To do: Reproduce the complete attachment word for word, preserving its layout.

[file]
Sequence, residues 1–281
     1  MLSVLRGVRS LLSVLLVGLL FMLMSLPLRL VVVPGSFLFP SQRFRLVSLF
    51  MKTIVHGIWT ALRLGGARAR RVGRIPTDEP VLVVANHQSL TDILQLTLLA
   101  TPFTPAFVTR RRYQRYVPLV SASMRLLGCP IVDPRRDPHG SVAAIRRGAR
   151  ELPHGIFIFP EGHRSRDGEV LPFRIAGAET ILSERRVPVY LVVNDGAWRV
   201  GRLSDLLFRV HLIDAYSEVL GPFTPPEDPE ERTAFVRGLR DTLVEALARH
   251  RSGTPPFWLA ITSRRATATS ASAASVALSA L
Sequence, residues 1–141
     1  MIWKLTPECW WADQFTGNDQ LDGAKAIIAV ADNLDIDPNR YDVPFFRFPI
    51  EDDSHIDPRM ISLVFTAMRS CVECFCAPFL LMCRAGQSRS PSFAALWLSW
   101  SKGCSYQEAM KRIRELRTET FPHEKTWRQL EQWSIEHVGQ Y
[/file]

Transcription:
Sequence, residues 1–281
     1  MLSVLRGVRS LLSVLLVGLL FMLMSLPLRL VVVPGSFLFP SQRFRLVSLF
    51  MKTIVHGIWT ALRLGGARAR RVGRIPTDEP VLVVANHQSL TDILQLTLLA
   101  TPFTPAFVTR RRYQRYVPLV SASMRLLGCP IVDPRRDPHG SVAAIRRGAR
   151  ELPHGIFIFP EGHRSRDGEV LPFRIAGAET ILSERRVPVY LVVNDGAWRV
   201  GRLSDLLFRV HLIDAYSEVL GPFTPPEDPE ERTAFVRGLR DTLVEALARH
   251  RSGTPPFWLA ITSRRATATS ASAASVALSA L
Sequence, residues 1–141
     1  MIWKLTPECW WADQFTGNDQ LDGAKAIIAV ADNLDIDPNR YDVPFFRFPI
    51  EDDSHIDPRM ISLVFTAMRS CVECFCAPFL LMCRAGQSRS PSFAALWLSW
   101  SKGCSYQEAM KRIRELRTET FPHEKTWRQL EQWSIEHVGQ Y